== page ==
Even mild chronic obstructive pulmonary disease (COPD) exacerbations accelerate loss of lung function, according to data presented during the American Thoracic Society 2016 international conference.
Researchers analysed 2,861 patients in the COPDGene study, all of whom were current or former smokers. They collected patient-reported acute respiratory event data every six months and performed spirometry at baseline in all subjects and at follow-up after approximately five years in 1,937 patients.
The researchers defined exacerbations (COPD patients) or acute respiratory events (those without airflow obstruction) as requiring antibiotics or systemic steroids. Severe exacerbations or events required hospitalisation.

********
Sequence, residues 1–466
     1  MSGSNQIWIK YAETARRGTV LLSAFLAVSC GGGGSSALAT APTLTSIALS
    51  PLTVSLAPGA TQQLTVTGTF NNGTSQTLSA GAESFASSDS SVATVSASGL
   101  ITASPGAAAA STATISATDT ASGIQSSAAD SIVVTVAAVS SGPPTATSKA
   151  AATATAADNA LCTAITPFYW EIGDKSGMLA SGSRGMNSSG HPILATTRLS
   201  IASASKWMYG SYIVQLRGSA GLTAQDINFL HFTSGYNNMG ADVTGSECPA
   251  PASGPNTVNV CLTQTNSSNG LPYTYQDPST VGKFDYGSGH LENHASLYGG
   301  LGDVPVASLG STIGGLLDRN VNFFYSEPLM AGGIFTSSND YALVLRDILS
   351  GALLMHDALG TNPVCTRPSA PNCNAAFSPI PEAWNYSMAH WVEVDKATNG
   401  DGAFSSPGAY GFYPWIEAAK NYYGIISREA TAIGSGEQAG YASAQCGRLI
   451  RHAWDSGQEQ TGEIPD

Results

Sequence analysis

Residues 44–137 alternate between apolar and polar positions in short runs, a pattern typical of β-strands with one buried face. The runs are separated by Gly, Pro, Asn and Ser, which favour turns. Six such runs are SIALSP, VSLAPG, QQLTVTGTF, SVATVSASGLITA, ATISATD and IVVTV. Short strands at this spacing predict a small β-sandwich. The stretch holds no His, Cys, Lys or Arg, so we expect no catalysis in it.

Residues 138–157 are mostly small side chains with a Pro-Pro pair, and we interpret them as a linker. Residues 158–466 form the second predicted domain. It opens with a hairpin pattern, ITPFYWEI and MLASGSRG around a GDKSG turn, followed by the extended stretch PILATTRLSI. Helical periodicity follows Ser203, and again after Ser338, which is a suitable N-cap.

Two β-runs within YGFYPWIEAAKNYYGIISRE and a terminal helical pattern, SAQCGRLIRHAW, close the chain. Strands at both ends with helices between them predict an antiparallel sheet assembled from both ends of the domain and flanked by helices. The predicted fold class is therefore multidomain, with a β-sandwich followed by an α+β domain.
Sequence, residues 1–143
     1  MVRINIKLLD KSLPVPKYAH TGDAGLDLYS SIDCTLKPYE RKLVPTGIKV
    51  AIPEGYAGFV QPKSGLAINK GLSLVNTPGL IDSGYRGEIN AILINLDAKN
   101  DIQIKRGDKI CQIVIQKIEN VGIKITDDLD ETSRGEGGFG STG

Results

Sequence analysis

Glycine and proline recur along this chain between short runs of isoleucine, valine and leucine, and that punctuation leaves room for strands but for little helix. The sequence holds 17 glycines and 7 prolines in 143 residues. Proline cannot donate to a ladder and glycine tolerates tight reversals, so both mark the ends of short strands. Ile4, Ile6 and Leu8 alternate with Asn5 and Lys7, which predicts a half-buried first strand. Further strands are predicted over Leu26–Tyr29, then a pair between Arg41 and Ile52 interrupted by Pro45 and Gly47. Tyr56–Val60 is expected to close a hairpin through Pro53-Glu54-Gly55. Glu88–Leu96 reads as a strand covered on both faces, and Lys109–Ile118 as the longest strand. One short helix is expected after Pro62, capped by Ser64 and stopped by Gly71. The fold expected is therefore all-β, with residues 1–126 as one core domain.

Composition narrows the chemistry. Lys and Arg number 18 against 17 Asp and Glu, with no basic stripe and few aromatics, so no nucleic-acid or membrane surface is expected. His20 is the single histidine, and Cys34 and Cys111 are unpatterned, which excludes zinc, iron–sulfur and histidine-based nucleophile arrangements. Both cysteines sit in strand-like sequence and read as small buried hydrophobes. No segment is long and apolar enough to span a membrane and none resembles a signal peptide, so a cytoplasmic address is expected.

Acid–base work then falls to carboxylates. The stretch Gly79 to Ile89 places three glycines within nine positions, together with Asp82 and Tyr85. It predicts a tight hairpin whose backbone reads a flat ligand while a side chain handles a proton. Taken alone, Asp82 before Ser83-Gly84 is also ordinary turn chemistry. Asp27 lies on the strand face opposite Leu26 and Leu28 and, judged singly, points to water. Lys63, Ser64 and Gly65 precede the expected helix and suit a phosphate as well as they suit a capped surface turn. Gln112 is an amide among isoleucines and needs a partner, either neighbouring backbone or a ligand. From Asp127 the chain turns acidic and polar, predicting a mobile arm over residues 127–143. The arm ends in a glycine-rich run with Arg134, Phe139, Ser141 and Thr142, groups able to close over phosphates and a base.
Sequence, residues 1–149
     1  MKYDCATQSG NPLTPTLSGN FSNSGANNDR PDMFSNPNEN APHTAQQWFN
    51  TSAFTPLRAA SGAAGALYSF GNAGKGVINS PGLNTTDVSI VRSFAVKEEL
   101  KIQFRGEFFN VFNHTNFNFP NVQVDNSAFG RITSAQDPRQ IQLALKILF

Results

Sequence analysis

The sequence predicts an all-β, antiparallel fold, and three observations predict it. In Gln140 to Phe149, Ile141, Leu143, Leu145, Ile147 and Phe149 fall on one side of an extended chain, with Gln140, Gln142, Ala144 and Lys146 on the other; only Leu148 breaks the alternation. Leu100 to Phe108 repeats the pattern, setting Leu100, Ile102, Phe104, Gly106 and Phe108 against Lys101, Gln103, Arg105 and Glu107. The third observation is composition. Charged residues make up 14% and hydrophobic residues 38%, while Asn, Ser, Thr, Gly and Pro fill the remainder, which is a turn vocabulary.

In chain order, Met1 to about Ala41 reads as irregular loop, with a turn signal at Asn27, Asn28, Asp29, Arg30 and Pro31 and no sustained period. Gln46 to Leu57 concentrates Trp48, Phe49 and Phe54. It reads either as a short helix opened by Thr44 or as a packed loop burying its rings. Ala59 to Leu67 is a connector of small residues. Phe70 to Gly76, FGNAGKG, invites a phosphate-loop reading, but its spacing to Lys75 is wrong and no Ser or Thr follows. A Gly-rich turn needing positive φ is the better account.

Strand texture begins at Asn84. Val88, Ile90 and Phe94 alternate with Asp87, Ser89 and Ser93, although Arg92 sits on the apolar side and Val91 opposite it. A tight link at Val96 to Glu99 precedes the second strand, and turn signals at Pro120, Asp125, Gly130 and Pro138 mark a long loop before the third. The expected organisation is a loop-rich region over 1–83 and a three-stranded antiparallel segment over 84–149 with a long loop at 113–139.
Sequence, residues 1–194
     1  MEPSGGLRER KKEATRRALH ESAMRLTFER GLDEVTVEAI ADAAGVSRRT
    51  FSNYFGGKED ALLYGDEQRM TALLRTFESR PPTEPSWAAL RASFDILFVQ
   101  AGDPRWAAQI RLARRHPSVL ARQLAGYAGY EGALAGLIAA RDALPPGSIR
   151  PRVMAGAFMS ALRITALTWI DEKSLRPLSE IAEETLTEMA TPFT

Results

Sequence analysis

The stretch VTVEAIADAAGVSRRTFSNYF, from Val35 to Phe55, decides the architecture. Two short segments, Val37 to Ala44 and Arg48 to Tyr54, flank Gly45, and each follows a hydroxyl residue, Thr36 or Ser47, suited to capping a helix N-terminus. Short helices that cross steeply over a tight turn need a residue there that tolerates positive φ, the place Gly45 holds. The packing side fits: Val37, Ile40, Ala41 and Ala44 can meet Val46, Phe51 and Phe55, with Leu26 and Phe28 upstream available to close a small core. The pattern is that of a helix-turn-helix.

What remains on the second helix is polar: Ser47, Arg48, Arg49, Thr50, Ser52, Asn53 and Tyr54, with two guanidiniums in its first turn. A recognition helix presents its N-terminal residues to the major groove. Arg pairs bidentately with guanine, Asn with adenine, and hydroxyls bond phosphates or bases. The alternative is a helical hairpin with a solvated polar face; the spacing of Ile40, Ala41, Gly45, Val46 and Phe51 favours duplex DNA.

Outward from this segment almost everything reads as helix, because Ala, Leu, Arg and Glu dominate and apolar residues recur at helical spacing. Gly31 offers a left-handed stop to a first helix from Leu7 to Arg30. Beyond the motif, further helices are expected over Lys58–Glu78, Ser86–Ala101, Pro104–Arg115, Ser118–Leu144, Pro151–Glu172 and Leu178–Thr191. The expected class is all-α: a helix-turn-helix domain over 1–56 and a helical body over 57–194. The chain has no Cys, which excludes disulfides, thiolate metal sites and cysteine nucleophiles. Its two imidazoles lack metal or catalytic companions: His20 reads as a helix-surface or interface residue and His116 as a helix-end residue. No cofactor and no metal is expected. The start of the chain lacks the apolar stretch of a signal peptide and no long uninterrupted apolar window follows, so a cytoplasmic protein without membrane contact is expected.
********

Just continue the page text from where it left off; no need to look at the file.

Thirty-seven per cent of patients experienced at least one exacerbation or acute respiratory event. In COPD patients each exacerbation was associated with loss of FEV1. The loss was greatest in mild COPD (GOLD 1): each exacerbation and severe exacerbation was associated with an additional 21ml and 75ml decline in FEV1 per year.
In GOLD 4 (very severe) the declines were 1ml and 12ml a year respectively. Respiratory events were not associated with FEV1 decline in subjects with no airflow obstruction.
“Our findings are particularly novel due to our large number of people with mild COPD – a group that has not been well studied in previous investigations,” said Ken Kunisaki of the Minneapolis VA health care system.
The investigators suggest additional trials to test existing and new therapies in early or mild COPD to determine if they reduce the risk of progression.